Cells in a Petri dish are not people, and experiments with cells can easily give the wrong answers

Autism's False Prophets: Bad Science, Risky Medicine, and the Search for a Cure
Answers to the wrong questions.
The moral message of this short story, taken from Paul Offit’s inspiring Autism’s False Prophets, is that fuzzy thinking about biology and human health can easily lead people and activist movements to do well intentioned, but tragically dangerous and stupid things.
Lyn Redwood is a nurse practitioner who lives in Atlanta, Georgia. By the time her third child, Will, was born, she had been a medical professional for twenty years. “My son Will weighed in at close to nine pounds at birth,” she said. “He was a happy baby who ate and slept well, smiled, cooed, walked, and talked all by one year of age.” But after his first birthday, Will began to change. “He lost speech, eye contact, and suffered intermittent bouts of diarrhea, [then he was] diagnosed with pervasive developmental delay, a form of autism.” When the AAP issued its press release in July 1999 urging the immediate removal of thimerosal from vaccines, Redwood called her doctor’s office. “I reviewed [Will’s] vaccine record and my worst fears were confirmed,” she said. “All of his early vaccines that could have possibly contained thimerosal, had.” Redwood believed she had found the cause of her son’s autism.
Paul Offit goes on to describe how, in the 2000s,  the mercury containing vaccine preservative thimerosal was viewed as the cause of autism by some scientists, and by many parents, such as distraught parents like Lyn Redwood who were entangled in the very trying circumstances of their own child having the behavioural patterns of autism.
In vitro means artificial biology out of the body.
Simplification is a very powerful way of making scientific progress in biology, because intact biological systems, such as people and human communities are very complicated. Around the year 2004, a simplified scientific method led to thimerosal chemical (which is a preservative that is added to vaccines) being fingered as the cause of the developmental disorder autism in children.
One part of this  simplified approach was — rather than directly testing the effects of thimerosal on intact whole animals or people — to test the chemical for effect on living organism human cell components separated away of the body. This involves doing experiments involving mercury or thimerosal exposure to artificially cultured living human cells proliferating as artificial thin layers of tissue growing in Petri dishes.
This in vitro investigation method is easier than doing more expensive, complicated  and ethically difficult studies on humans themselves as whole living organism’s, and simpler even more than directly investigating what’s happening with real human disease in populations of living people who suffer actual health problems.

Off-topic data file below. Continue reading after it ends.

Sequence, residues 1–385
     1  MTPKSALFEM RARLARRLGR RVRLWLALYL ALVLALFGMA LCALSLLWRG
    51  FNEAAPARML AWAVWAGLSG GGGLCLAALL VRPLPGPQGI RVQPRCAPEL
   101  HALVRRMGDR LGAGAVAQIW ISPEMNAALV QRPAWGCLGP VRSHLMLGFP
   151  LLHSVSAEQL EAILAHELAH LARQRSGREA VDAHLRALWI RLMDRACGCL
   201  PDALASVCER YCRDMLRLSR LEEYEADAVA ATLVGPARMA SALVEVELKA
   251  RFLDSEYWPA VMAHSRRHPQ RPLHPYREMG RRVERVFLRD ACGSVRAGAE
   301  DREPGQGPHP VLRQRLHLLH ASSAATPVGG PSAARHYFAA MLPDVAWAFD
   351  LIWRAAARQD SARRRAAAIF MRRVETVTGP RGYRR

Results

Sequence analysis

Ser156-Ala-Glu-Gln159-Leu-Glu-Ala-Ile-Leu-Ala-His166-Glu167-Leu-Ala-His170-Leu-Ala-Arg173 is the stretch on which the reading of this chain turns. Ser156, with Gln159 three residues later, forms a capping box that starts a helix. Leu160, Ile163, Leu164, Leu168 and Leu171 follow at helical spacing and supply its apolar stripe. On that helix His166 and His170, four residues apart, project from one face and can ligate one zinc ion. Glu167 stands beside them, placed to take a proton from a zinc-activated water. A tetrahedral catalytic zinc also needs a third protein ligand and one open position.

But in interpreting the outcomes of these experiments it is important to bear in mind that cells artificially cultured outside the body are in a much more sensitive situation when it comes to exposure to chemical agents. The normal protective barriers of skin and intestinal layers and blood brain barriers are absent, excretion systems such as the kidney are missing, and doses of chemicals in in vitro tests can be unrealistically high compared to what dose will appear inside the body in a real-life situation.
The dose makes the poison.
The dose of chemical to which the potential target of chemical damage is exposed is always a crucial factor in determining whether any toxic effects on the body will happen. The dose makes the poison, and in fact everyone of us is exposed every day to very low doses of mercury, but we don’t all suffer from mercury poisoning.
It’s always important in biology to ask “What happens inside the living organism — in vivo?” A simplified “in vitro” approach can give you answers, but when you do investigations away from the living organism you always should check rigorously to see whether the simplified system is giving answers to the wrong questions.
Science-in-reverse can get you into trouble, and put the cart before the horse
Paul Offit uses the expression “science-in-reverse” to explain how simplified biological experiments can give misleading answers about causes of autism. He’s referring to the logical trap of jumping the gun, and using “in vitro” experiments with isolated component of the human body exposed to mercury compounds in Petri dishes to formulate a presumptive mechanism for how the disease occurs, before checking carefully and conclusively that exposure to mercury compound in a living human actually does cause autism.